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About the Author

John R. Gribbin (born 19 March 1946) is a British science writer, an astrophysicist, and a visiting fellow in astronomy at the University of Sussex. The topical range of his prolific writings include quantum physics, human evolution, climate change, global warming, the origins of the universe, and show more biographies of famous scientists. He also writes science fiction. In 1984, Gribbin published In Search of Schrödinger's Cat: Quantum Physics and Reality, the book that he is best known for, which continues to sell well even after years of publication. At the 2009 World Conference of Science Journalists, the Association of British Science Writers presented Gribbin with their Lifetime Achievement award. (Bowker Author Biography) John Gribbin, visiting fellow in astronomy at the University of Sussex. He is married to Mary Grivvin, also a science writer. (Publisher Provided) show less


Works by John Gribbin

Science: A History (2002) 750 copies, 8 reviews
In Search of the Big Bang (1986) 301 copies, 2 reviews
Richard Feynman: A Life in Science (1997) 253 copies, 3 reviews
Time & Space (Eyewitness Books) (1994) 246 copies, 2 reviews
Stardust (2000) 223 copies, 2 reviews
Get a Grip on Physics (1999) 203 copies
The Universe: A Biography (2006) 185 copies, 5 reviews
In Search of the Edge of Time (1992) 178 copies, 2 reviews
In Search of the Multiverse (2009) 169 copies, 7 reviews
Einstein: A Life in Science (1993) 162 copies
Galaxies: A Very Short Introduction (2008) 144 copies, 4 reviews
Companion to the Cosmos (1996) 135 copies, 2 reviews
Darwin: A Life in Science (1995) 130 copies, 3 reviews
Flower Hunters (2008) 130 copies, 3 reviews
Ice Age (2001) 119 copies, 2 reviews
Time-Warps (1979) 118 copies, 4 reviews
The Case of the Missing Neutrinos (1998) 111 copies, 2 reviews
The Jupiter effect (1974) 109 copies
A Brief History of Science (1609) — Editor — 106 copies, 2 reviews
The Sixth Winter (1979) 83 copies, 3 reviews
The little book of science (1999) 63 copies
Double Planet (1988) 62 copies
Father to the Man (1989) 60 copies
Spacewarps (1983) 57 copies
The Cartoon History of Time (1990) — Author — 54 copies
The Mating Game (1984) 51 copies, 1 review
Brother Esau (1982) — Author — 29 copies
Innervisions (1993) 25 copies
The Time Illusion (Kindle Single) (2016) 21 copies, 1 review
Galileo in 90 Minutes (1997) 20 copies
Reunion (1991) 20 copies
Future weather and the greenhouse effect (1982) 18 copies, 1 review
Climatic Change (1978) 18 copies
Einstein in 90 Minutes (1997) 17 copies, 1 review
Seven Pillars of Science (2020) 17 copies, 1 review
Faraday in 90 Minutes (1997) 17 copies, 1 review
Newton in 90 Minutes (1997) 16 copies
Curie in 90 Minutes (1997) 15 copies
Ragnarok (1991) — Author — 14 copies
Our Changing Universe (1976) 13 copies, 1 review
Halley in 90 Minutes (1997) 12 copies
The Men Who Measured the Universe (2004) 12 copies, 1 review
Jupiter Effect Reconsidered (1982) 12 copies
The Alice Encounter (2011) 11 copies, 1 review
Mendel in 90 Minutes (1997) 11 copies
Before the Big Bang (Kindle Single) (2015) 11 copies, 1 review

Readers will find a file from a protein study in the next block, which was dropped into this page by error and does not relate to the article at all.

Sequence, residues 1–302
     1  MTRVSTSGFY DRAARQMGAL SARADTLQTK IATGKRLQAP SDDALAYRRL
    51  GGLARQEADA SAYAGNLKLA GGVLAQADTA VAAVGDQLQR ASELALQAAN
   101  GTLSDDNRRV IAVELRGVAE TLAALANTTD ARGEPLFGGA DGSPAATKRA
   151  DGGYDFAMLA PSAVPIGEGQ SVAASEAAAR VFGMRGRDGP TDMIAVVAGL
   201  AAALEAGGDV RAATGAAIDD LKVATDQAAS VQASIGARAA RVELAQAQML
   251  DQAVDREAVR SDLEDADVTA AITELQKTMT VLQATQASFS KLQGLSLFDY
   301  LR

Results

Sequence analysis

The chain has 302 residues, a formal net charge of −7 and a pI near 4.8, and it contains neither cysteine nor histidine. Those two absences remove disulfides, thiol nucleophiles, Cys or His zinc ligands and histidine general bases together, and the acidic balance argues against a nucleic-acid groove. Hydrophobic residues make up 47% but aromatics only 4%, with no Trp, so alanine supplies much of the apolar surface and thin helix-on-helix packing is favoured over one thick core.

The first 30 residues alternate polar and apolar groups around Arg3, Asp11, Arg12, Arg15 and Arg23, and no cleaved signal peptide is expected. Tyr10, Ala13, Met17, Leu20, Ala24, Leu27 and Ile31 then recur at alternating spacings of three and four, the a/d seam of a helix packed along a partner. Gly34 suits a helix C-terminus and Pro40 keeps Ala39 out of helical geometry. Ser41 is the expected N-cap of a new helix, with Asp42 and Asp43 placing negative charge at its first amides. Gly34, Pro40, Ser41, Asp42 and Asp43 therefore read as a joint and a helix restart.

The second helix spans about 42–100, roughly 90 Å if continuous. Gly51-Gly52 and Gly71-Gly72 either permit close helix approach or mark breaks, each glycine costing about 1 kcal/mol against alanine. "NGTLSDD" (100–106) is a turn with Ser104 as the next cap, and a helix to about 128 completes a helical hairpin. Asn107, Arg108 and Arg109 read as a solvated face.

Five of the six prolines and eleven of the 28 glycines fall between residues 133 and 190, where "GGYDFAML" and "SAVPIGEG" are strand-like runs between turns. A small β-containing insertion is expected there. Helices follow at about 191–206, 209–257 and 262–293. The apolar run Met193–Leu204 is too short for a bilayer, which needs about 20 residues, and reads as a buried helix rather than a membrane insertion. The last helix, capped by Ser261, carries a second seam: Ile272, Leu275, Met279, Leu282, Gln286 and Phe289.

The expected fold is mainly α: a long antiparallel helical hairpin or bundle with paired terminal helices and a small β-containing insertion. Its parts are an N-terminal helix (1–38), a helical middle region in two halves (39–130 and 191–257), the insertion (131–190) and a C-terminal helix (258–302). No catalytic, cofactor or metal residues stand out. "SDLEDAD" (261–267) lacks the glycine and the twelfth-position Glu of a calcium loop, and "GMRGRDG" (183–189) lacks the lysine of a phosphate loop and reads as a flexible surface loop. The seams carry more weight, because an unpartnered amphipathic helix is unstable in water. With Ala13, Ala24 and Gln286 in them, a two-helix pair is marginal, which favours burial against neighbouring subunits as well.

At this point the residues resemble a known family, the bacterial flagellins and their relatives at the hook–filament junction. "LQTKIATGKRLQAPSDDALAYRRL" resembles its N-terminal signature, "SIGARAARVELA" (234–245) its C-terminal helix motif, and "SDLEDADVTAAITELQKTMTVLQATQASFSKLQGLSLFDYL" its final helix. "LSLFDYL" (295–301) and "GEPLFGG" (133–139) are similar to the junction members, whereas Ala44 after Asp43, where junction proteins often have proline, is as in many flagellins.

This shaking earth (1978) 10 copies
THE FUTURE NOW (1998) 10 copies
Time travel for beginners (1995) 8 copies
Timeswitch (2009) 8 copies
Watching the Universe (1998) 8 copies
Watching the Weather (1996) 8 copies
Astronomy for the amateur (1976) 7 copies
Existence is Elsewhen (2016) 7 copies
Winds of change (1989) 6 copies
Earthquakes and Volcanoes (1978) 6 copies
Weather (Just look at--) (1985) 6 copies
Galaxy Formation (1976) 5 copies
Ten Tantalising Truths (2023) 5 copies
The death of the Sun (1980) 5 copies
Don't Look Back (1990) 4 copies, 1 review
The Pocket Darwin (2007) 4 copies
The Pocket Galileo (2007) 3 copies
Cosmology Today (1982) 3 copies
Climate and mankind (1979) 2 copies
You Are Made of Stardust (1995) 2 copies
Dalla scimmia all'universo (1999) 2 copies, 1 review
Other Edens [short fiction] 1 copy, 1 review
Egyedül vagyunk! (2012) 1 copy
John Gribbin 1 copy
Kosmologia (1998) 1 copy
Cometa do Caos Livro 1 (1998) 1 copy
Um Admirável Universo (2000) 1 copy
The Climatic Threat (1978) 1 copy

Associated Works

30-Second Theories (2010) — Author, some editions — 416 copies, 4 reviews
Hubble's Universe: A New Picture of Space (1996) — Preface — 85 copies, 1 review
The Universe and Eye (1993) — Foreword — 44 copies
Analog Science Fiction/Science Fact: Vol. XCVI, No. 3 (March 1976) (1976) — Contributor — 25 copies, 1 review
Drabble Project (1988) — Contributor — 17 copies
New Scientist, 15 January 1994 (1994) — Contributor — 2 copies
New Scientist, 24 November 1990 (1990) — Contributor — 1 copy


astronomy (367) astrophysics (94) biography (403) biology (88) black holes (28) chemistry (33) complexity (34) cosmology (378) ebook (35) Einstein (33) evolution (77) fiction (41) Folio Society (59) history (393) history of science (233) magazine (30) math (72) natural science (54) non-fiction (888) own (44) philosophy (80) physics (1,290) popular science (239) quantum (51) quantum mechanics (121) quantum physics (212) quantum theory (73) read (61) reality (31) reference (73) relativity (31) science (2,446) science fiction (153) scientists (42) sf (30) space (59) time (55) to-read (532) universe (51) unread (77)

Common Knowledge

Canonical name
Gribbin, John
Legal name
Gribbin, John R.
Maidstone, Kent, England, UK
Places of residence
England, UK
University of Sussex (BS|physics|1966|MS|astronomy|1967)
University of Cambridge (PhD|astrophysics|1971)
science writer
science fiction writer
Gribbin, Mary (wife)
University of Sussex
Awards and honors
Fellow, Royal Society of Literature (1999)
Association of British Science Writers Lifetime Achievement award (2009)